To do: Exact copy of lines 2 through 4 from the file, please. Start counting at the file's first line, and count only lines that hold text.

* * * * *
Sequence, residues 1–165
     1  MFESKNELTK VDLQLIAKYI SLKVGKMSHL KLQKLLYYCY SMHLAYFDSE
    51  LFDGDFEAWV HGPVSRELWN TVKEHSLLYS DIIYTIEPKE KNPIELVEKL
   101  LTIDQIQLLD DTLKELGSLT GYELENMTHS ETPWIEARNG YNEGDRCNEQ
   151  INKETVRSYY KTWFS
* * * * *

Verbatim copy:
     1  MFESKNELTK VDLQLIAKYI SLKVGKMSHL KLQKLLYYCY SMHLAYFDSE
    51  LFDGDFEAWV HGPVSRELWN TVKEHSLLYS DIIYTIEPKE KNPIELVEKL
   101  LTIDQIQLLD DTLKELGSLT GYELENMTHS ETPWIEARNG YNEGDRCNEQ